Visitor Center

A dark colored building with brick obelisk out front and mountains in the background.
The Aerology Building.

NPS Photo


New! Take a virtual tour of the World War II Aerology Building and Visitor Center! This tour works best with a touch pad style mouse. You will be able to zoom in on the panel text more easily than with other mouse styles. 

The visitor center for Aleutian World War II National Historic Area is located in Unalaska. It is owned and operated by the Ounalashka Corporation and affiliated to the National Park Service.



Many of the objects, quotes, and information in the visitor center came directly from Aleutian residents and World War II veterans who have shepherded this project along from the beginning. Exhibits on the Aleutian Campaign and the evacuation and internment of the Unangax̂ (Aleut) people are on display on the lower level of the Aerology Building. The radio room uptairs in the has been reconstructed from 1940s photographs to look as it did during World War II.

The visitor center regularly shows World War II-era films in its 1940s-style theatre, including "Report from the Aleutians" and "Alaska at War."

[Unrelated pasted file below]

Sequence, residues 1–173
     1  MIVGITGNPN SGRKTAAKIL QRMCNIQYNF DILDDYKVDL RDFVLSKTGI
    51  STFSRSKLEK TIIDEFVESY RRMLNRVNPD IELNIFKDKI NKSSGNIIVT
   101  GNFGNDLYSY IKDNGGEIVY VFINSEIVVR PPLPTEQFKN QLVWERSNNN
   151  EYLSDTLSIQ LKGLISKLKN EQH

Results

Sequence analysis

Take a virtual tour of the building and exhibits.

All self-guided driving tours for Aleutian Islands World War II National Historic Area begin at the visitor center.

About the Aerology Building

The Aerology Building is one of the most intact and architecturally significant World War II buildings in the Aleutian Islands. Built in 1943 by the Navy, it is a Loxstave frame building. Loxstave buildings, an early form of prefabricated construction, are rare. The Aerology building is nationally significant as a contributing feature to the Dutch Harbor Naval Operating Base and Fort Mears, U.S. Army National Historic Landmark (NHL) designated in 1985.

During the war years, the building served as the central station from which to monitor the unpredictable and harsh weather of Aleutians. World War II pilots relied on the data gathered at the station to complete air missions to and from Dutch Harbor.

The unique 1940s terrazzo flooring with the insignia of the Naval Air Transport Service was designed by Armand Rizan, a Seabee and artisan from New Orleans whose family had a long tradition in this art from. He used all local materials and labor and also designed the other terrazzo currently on display at the Museum of the Aleutians. in the 1990s, his son came back to the Aleutians to see his father's work.

Last updated: December 13, 2020

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Affiliated Areas, Alaska Regional Office
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240 W 5th Avenue

Anchorage , AK 99501


907 644-3472

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